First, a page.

124 of 133 people found the following review helpful
5.0 out of 5 stars Calibration Settings for 48" SAMSUNG UE48H6400,
This review is from: Samsung 48-inch Widescreen 1080p Full HD Quad Core Wi-Fi Smart 3D LED TV (discontinued by manufacturer) (Electronics)
I bought this tv back in July and its absolutely phenomenal! After searching high and low for decent calibration settings and joining forums on various sites I found everyone to be thoroughly unhelpful and unnecessarily cryptic cockwombles.
After wasting countless hours trawling through reviews of people gloating about how good THEIR screens looked after they had finished calibrating but unwilling to share their settings, I thought i'd help others out and share all my own calibrated settings.
Stay clear of both avforums and whathifi, 99% of the people on those websites are overly sarcastic and generally obnoxious. Ask them for advice and they will happily tear you and your opinions to shreds. They love nothing more than questioning absolutely every comment you make, belittling the common folk and mocking people. They spend all day banging on about the size of their speakers and bragging about the overly expensive hardware they've got.
They're no better than spoiled schoolyard bullies, ganging up on newcomers. They were calling people that dont have dedicated bluray players "scrubs". I personally use a PS3, as do many others. I'm not flush with cash and I live by my means, I bought my PS3 as a cheap bluray player at the end of the day. The bluray player in my PS4 unfortunately sucks balls and the player controls are awful.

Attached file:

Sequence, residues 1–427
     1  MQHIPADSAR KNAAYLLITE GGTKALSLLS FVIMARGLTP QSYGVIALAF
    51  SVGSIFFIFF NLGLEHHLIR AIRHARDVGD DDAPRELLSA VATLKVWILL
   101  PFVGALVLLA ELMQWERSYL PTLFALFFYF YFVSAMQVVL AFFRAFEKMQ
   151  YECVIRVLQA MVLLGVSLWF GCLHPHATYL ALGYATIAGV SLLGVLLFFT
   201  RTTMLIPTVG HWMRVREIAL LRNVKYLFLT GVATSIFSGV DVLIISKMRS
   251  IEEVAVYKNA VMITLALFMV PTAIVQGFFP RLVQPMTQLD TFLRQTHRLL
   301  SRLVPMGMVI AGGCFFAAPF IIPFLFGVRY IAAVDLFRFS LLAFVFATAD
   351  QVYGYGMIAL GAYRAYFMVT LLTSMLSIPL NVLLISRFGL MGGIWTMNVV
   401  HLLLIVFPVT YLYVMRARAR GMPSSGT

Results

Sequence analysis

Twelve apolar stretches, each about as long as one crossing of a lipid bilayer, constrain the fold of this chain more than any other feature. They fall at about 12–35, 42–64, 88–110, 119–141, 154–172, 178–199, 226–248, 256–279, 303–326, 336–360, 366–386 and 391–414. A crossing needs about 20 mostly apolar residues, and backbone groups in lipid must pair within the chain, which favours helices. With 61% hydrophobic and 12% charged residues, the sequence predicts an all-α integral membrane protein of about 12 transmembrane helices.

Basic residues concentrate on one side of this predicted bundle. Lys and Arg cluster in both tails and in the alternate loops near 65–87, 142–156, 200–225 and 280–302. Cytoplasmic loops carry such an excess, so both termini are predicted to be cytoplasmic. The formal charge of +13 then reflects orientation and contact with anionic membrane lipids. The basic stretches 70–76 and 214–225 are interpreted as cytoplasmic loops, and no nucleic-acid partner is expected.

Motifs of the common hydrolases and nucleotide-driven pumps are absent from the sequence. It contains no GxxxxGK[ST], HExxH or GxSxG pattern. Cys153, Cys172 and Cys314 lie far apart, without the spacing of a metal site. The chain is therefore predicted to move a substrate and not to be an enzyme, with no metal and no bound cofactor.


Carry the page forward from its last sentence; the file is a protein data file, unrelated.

Its cringeworthy reading through their threads, its almost like a competition for them to see how much nonsensical technobabble they can cram into a paragraph, in a lame attempt to impress everyone. Harping on about uniformity, black crushing, crosstalk, vertical array banding, ghosting, clouding, torch-lighting, DSE, look how many "technical" words I know! the list goes on. Its a tv ffs, get a grip and enjoy it for what it is.(This is the point they smash the thumbs down button but I dont care, i think being honest and helpful to people is more important than a "Like").
The main issue with people on those forums is that they are more concerned with what other people think. A frequent example is if someone says that the god awful "Movie Mode" needs activating for the best possible picture. They will blindly turn it on, even if it looks crap, simply because everyone else says they should have it on, no logical reasoning whatsoever. Personally, my eyes aren't painted on and anyone with an ounce of sense can see that "Movie Mode" simply looks bad, regardless of the tv you try it on.